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Statutory framework for the early years foundation stage

Setting the standards for learning, development and care for children from birth to five

OFSTED Registered - Rated Outstanding 2018

Smile and Shine, Childminding, Finchley

My setting is designed in a way that it covers the seven areas of learning and development. Every week we plan a range of activities that are based on the children's developmental needs and interests. These help the children to progress in all areas of learning and development. All equipment and toys are child friendly and kept within easy reach of the children.

Personal, Social and Development: I have a dedicated role-play corner and children are encouraged explore and role-play. This area includes a mini cooking set for tea parties, a dressing up area, a karaoke player where they sing songs, a doctor set, puzzles, etc.  These activities develop their Personal Social Emotional skills and at the same time promote British Values.

Physical Development: My setting is based on a free-flowing concept which opens into a large garden. Children learn independence and confidence being able to use the different areas as they like. I have also introduced Zumba dancing for the children which helps with their gross motor skills and overall physical development. My setting is designed in a way that everything is easily accessible to the children.

Communication and Language: I have a book corner and children with a large collection of childrens books. I encourage children to take home a book of their choice on Friday’s so parent’s can read this book to them thereby working in partnership with parents. The children can also play with picture card games, dominoes, buckaroo, etc. I do puzzles with children which are based on phonics for the older children and pictures for the younger children. During activities together, we introduce new words to develop their vocabulary. Sometimes we go to shop from the super market and the older children have to remember what all things they have to buy.

Literacy: I do lots of activities involving books, easel, magnetic letters, picture cards, puzzles, mark making with lotion, etc to promote literacy skills.

Mathematics: Activities are done such as chopsticks to pick up beads from a bowl, transferring the pasta, connect games, marble run game, stencils with numbers, puzzle with numbers, picture cards, fish and frog game, rings with pipe cleaner, lids to promote heuristic play and sorting them in the basket (small, big and the biggest).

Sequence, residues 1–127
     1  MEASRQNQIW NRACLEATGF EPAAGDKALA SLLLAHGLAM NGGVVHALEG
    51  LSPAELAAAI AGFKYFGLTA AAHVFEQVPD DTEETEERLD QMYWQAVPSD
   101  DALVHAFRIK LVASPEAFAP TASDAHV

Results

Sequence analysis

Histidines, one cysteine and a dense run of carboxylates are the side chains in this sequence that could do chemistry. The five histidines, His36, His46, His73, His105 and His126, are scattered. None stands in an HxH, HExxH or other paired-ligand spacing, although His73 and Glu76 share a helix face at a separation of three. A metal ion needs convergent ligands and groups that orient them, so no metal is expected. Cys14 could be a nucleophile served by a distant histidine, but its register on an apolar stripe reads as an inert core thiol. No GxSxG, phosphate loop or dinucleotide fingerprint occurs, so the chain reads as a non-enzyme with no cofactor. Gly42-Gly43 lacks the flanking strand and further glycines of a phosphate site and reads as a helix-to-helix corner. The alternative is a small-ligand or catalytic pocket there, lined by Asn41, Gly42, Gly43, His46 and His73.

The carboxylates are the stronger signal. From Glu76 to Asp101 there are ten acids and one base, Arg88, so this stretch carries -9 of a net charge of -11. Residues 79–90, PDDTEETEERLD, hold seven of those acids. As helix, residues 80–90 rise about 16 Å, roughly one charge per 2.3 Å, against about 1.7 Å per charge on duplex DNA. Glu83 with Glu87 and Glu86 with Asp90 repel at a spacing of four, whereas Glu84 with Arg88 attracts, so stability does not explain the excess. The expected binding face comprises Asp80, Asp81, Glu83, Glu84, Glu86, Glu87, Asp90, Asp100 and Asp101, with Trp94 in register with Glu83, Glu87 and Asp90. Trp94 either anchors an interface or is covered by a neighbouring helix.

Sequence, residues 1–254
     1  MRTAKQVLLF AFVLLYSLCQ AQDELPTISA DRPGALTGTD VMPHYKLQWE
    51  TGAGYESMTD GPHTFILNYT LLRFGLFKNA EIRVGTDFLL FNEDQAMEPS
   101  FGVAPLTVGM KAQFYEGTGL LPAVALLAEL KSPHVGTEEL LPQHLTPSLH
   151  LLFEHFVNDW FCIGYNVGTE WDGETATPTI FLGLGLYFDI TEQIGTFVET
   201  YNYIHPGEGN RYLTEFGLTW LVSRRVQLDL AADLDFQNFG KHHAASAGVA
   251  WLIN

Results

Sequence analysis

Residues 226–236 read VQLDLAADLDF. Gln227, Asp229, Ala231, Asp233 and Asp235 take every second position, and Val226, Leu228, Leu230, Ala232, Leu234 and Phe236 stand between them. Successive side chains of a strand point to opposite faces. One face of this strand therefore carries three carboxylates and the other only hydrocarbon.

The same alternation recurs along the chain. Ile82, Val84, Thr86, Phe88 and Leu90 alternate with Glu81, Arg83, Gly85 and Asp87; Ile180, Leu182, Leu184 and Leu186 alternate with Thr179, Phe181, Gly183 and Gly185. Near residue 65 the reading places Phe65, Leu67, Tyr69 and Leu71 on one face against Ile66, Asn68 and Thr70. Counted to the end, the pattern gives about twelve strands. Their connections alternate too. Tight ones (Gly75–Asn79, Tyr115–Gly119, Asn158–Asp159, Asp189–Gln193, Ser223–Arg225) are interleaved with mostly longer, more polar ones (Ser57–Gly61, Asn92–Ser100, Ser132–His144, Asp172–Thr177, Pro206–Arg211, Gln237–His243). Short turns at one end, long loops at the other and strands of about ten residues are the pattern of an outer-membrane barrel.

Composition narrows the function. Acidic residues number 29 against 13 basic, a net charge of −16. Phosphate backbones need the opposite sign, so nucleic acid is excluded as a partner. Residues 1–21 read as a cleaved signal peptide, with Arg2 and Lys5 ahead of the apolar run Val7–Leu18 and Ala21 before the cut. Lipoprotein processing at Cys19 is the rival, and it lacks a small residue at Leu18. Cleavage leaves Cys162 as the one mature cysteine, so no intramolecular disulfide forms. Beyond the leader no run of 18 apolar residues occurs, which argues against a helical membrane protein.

Expressive arts and designs: The children love musical instruments, using beads, pompoms, doing sticking activity, using glue, lots of glitter, creative art work using their imagination, going in the garden and making a snail house. Playing with water, which involves washing toy cars, playing with the bubbles, doing science experiments.

Understanding the world: I have designed an animal corner where children love going and exploring animals from around the world. The collection includes dinosaurs, sea animals, birds, wild animals, farm animals and mini-beasts.  I also have books about different people, cultures, places of the world and of animals. The children love outdoor activities like looking for spiders and their webs or looking for snails in the garden. We also arranged a visit from the Wild Science Animal Handling Workshop. This included introducing the children to different live animals and teaching them about nature.

My staff and I are all DBS checked and have completed all the relevant Ofsted courses. Furthermore, I encourage them to attend regular seminars/ training so that we are all up to date with the latest policies and guidelines. I have subscribed to Pacey, Nursery world and work alongside Local Authority Childminder Coordinators, who visit me regularly, observe my practice and give me recommendations to improve.

All the learning journals for the children are completed online using “Tapestry Journal”. I ensure that within a few weeks of joining I complete an “observed starting point” assessment for each child. This assists me in understanding what stage each child is at when it comes to the seven areas of EYFS. I discuss this with the parents and thereafter plan activities accordingly. Every 12 weeks, I complete and send parents a 12 week progress report so that together we get a can see of how the child is developing. Curriculum and activities are then planned accordingly after discussion with parents as a good partnership with parents is very important for a child’s development. Regular observations of activities done through the week are also done and sent to parents so they are kept fully aware of what their child has been doing.